Synopsis: A high school student lurches through her senior year, experiencing heart-break and triumphs
Lady Bird: Brat or Heroine? That’s the essay question you have to respond to after seeing Greta Gerwig’s coming-of-age tale. The movie is sweet and salty, so you’ll probably embrace it whether you like the title character or not.
Lady Bird, played with splendor and bite by Saoirse Ronan, is a senior at a Catholic high school in Sacramento, California in 2002. Her stressed out mom Marion, personified by the excellent Laurie Metcalf, supports the family working long hours as a psychiatric nurse. She struggles to find positive things to say to her forceful and impractical daughter. Mild-mannered dad, Larry (Tracy Letts), strives to make peace in the family while looking for a job.
While Lady Bird’s family’s finances are wobbly, she is still able to attend private school and her parents are planning to finance her tuition at an in-state public university. So,
not having to contend with poverty, she can wrestle with typical teen problems like finding one’s identity and chasing after a crush.
It is inspiring how Lady Bird boldly throws herself into life and relationships. But she is really self-centered and sneaky. Let’s discuss her life choices to help you decide if she is a brat or up-and-coming heroine. First, her name… like a brat, our protagonist has christened herself Lady Bird, throwing off the shackles of her parents-given name, Christine. It’s a fact that giving yourself a nickname is obnoxious. On the other hand, she later admits that her parents did okay naming her.
Lady Bird is an indifferent student, but tells her advisor that she’d like to apply to someplace like Yale, but not actually Yale, since she probably couldn’t get in. Her advisor laughs and assures her that she definitely couldn’t get in. Harsh! Undeterred, she veers away from California schools because what she really wants is to go to an East Coast school and get some culture, if not in NYC, at least in Connecticut. She’s determined to escape Sacramento, which she refers to as the Midwest of California. Hmm, she does have a point on that.
Like a brat, she feels entitled to a private East Coast school and life experience that her parents let her know they can’t afford. Lady Bird and her mom are often at loggerheads because her mom thinks she’s frivolous and irresponsible. Lady Bird hates how her mom doesn’t care about her dreams or accept her as she is. When Lady Bird screams at her mom that she will pay back every penny it cost to raise her, her mom shuts her down by telling her that she seriously doubts she’ll ever get a job good enough to do so. Ouch! Lady Bird does get a job at a café though, which is good because she longs for magazines but her mom says: No, buying magazines is for rich people and we’re not rich.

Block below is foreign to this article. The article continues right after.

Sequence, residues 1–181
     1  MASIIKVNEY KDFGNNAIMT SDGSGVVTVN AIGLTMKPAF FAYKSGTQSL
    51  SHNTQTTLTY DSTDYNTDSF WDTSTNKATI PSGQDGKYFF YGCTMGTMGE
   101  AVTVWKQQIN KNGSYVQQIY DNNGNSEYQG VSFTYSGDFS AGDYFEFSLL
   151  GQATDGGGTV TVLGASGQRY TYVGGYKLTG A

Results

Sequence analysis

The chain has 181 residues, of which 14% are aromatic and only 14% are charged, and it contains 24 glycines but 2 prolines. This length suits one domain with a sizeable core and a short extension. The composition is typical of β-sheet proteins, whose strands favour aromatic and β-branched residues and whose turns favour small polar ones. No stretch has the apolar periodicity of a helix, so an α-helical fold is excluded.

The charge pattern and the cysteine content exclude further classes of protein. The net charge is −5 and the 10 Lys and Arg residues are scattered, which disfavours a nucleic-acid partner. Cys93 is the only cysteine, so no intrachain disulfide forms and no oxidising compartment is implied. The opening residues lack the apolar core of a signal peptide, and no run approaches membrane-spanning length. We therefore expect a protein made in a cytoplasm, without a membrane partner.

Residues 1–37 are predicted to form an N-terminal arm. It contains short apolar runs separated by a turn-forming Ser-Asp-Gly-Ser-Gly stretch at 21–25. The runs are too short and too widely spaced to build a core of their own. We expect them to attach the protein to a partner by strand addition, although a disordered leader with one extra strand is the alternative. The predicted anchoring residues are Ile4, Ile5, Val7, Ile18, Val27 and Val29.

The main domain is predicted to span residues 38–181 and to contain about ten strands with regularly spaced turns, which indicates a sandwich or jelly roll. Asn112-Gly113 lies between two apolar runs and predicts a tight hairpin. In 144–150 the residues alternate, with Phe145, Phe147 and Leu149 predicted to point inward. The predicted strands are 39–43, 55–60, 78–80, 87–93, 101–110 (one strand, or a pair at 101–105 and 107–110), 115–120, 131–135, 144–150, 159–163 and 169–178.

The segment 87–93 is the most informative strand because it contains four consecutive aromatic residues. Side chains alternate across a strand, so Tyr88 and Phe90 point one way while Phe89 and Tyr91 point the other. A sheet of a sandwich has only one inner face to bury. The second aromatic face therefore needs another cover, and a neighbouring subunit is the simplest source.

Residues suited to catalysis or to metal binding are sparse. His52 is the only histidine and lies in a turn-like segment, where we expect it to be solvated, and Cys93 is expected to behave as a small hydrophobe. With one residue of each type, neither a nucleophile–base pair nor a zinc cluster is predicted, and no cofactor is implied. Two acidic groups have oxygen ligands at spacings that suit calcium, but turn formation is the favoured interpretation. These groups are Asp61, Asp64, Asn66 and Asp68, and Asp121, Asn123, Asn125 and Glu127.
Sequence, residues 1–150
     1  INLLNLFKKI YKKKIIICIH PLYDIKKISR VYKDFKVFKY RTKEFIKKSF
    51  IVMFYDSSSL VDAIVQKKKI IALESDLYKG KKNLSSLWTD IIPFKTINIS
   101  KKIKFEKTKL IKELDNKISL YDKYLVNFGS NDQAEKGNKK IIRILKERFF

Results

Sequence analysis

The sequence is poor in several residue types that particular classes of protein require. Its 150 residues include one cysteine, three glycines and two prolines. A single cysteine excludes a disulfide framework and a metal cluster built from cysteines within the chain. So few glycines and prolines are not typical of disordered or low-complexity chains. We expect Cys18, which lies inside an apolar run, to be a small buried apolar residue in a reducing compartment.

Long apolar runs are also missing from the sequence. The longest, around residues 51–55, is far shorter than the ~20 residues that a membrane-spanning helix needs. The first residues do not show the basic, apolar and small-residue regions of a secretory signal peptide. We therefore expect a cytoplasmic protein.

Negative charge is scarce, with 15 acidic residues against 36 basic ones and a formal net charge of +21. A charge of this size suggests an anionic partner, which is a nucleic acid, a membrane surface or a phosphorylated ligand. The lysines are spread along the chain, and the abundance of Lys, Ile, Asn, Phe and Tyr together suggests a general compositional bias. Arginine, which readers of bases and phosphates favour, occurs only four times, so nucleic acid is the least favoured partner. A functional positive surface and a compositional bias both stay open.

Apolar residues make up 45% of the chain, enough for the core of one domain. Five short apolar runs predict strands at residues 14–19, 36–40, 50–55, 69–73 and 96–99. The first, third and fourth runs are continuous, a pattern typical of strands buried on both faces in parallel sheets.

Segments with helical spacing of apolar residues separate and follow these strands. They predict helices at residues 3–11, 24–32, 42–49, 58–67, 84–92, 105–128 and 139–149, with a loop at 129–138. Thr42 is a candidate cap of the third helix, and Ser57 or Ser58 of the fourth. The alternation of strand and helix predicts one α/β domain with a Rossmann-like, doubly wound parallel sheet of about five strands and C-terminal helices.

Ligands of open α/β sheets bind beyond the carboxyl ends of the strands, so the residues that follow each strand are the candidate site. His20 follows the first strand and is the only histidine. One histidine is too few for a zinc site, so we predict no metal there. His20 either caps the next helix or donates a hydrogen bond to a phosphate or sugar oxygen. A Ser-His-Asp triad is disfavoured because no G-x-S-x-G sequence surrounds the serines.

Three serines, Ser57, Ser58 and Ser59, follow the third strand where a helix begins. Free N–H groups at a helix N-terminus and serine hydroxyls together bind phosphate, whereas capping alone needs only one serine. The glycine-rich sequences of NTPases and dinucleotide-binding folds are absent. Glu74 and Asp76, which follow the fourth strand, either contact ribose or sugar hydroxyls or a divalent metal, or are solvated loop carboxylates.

At school, Lady Bird crushes on the cool kid crowd and ditches her best friend, Julie, a supportive and down-to-earth person. Pretty bratty. On the other hand, she does shunt aside her hurt pride at one point to comfort a friend in need. And she starts to miss Julie…
LB does work hard to find herself. She tries out theater, clove cigarettes and hair dye. She also offers up alternate stories to peers and teachers, aka, lies. That’s not right, you brat! I thought. But then, who am I to judge? I was a teen myself and would not want writer-director Greta Gerwig to put my senior year on-screen.
There’s a beautiful sequence in the movie that begins with a nun/teacher praising Lady Bird’s college essay that references Sacramento. She continues that her observations betray what sounds like a love for the city. I guess I pay attention, LB allows. The nun suggests that love and attention can be the same thing. Cut to Lady Bird’s mom taking her prom dress shopping. The two squabble and LB demands to know if her mom likes her. Her bedraggled mom rolls her eyes and replies that of course she loves her.
I wanted to rush into the store and do an intervention. Lady Bird, tell your mom you love her! Lady Bird’s Mom, tell your daughter you’re proud of her!
So that’s what the movie’s like, you get involved with the characters. Whether you think Lady Bird is a brat or future heroine. Can she be both?
An aside to my mom: Sorry, for any time I was a bratty teen. I ❤ U
Cut to the Chase: Funny dialogue, great acting from everybody
Comedy Highlight: The stupid ramblings and philosophizing of Kyle, Lady Bird’s rich boy crush
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